They dress like it's the 1930s and they swing antique equipment that eschews cutting-edge technology -- this is hickory golf.
updated 12:09 PM EDT, Mon September 15, 2014
CNN's Living Golf focuses on women's golf, charting the growth of the sport from royal pastime to multi-million dollar machine.
updated 4:46 AM EDT, Wed October 1, 2014
"I don't know how to paint happy," says golf's poster girl Michelle Wie. "I think it releases a lot of the darker feelings in me."
updated 8:13 AM EDT, Mon September 29, 2014
Phil Mickelson of the United States talks during a press conference after the United States were defeated by Europe after the Singles Matches of the 2014 Ryder Cup on the PGA Centenary course at the Gleneagles Hotel on September 28, 2014 in Auchterarder, Scotland.
If you're a U.S. golf fan, or Tom Watson, look away now.
updated 7:18 PM EDT, Thu September 25, 2014
A ban on uploading social media pictures from the course at Gleneagles was dropped for the Ryder Cup.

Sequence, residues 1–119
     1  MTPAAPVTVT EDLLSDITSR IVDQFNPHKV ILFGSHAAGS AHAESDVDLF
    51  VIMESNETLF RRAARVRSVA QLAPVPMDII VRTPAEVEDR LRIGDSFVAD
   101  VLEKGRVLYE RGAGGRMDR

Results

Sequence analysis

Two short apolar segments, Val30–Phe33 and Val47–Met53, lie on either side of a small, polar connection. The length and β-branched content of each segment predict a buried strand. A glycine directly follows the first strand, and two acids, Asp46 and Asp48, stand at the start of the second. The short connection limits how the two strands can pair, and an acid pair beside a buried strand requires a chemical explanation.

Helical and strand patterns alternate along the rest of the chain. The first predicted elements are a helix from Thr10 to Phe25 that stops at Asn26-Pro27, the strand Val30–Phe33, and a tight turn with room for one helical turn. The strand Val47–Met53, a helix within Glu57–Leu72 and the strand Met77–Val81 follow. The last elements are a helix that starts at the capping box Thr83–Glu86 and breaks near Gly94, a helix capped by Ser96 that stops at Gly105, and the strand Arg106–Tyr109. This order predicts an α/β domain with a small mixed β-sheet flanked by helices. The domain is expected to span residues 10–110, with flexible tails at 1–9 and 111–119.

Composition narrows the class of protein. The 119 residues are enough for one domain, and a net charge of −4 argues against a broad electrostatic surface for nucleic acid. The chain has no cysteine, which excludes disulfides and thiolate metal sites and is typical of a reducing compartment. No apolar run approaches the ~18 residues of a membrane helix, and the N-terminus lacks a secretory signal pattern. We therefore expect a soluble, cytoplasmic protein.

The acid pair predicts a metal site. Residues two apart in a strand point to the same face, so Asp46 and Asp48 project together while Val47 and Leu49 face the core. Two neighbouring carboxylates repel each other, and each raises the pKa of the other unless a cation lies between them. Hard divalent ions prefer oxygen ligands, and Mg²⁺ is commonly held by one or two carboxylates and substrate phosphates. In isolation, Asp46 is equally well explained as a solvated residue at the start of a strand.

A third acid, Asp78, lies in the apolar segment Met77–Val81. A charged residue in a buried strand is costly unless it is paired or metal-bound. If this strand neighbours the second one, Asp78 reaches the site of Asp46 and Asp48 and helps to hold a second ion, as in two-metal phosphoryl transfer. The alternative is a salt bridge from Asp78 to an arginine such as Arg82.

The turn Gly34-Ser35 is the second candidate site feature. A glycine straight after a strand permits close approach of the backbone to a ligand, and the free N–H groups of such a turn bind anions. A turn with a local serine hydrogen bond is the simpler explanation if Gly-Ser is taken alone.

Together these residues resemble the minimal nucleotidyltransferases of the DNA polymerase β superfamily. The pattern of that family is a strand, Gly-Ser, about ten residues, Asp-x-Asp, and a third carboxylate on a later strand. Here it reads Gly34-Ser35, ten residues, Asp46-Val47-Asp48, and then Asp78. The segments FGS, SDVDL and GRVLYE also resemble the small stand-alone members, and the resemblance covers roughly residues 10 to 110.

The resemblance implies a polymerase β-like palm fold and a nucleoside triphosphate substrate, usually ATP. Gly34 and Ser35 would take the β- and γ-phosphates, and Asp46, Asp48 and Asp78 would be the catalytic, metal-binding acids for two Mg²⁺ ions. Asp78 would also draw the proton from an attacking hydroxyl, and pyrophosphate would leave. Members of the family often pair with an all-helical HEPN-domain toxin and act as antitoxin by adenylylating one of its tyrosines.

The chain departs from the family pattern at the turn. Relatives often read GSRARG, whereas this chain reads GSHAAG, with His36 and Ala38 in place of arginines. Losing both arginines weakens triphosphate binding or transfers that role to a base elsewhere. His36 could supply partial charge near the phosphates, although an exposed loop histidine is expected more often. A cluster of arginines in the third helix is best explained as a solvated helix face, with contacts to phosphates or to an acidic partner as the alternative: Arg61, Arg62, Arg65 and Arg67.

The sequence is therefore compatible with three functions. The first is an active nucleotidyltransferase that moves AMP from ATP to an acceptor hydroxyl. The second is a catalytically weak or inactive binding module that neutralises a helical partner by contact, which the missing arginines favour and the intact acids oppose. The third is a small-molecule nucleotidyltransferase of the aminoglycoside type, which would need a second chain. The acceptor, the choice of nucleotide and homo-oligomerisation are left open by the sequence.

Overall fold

updated 6:52 AM EDT, Wed September 24, 2014
A spot of shopping, the odd spa day and some serious flag waving. Welcome to the life of a Ryder Cup WAG.
updated 9:01 AM EDT, Tue September 23, 2014
Tom Watson has learned plenty in the 21 years since he was last U.S. Ryder Cup captain, but social media is proving to be problematic.
updated 8:43 AM EDT, Mon September 22, 2014
Patriotism will reach fever pitch when the USA and Europe collide in golf's Ryder Cup ... and it looks like Rickie Fowler has let it go to his head.
updated 9:42 AM EDT, Mon September 22, 2014
Pressure is inescapable in the cauldron of Ryder Cup competition -- pressure and ping pong.
updated 7:50 AM EDT, Tue September 23, 2014
Millions of golf fans were watching on television with great anticipation. All Martin Kaymer could think about was getting his phone out.
ADVERTISEMENT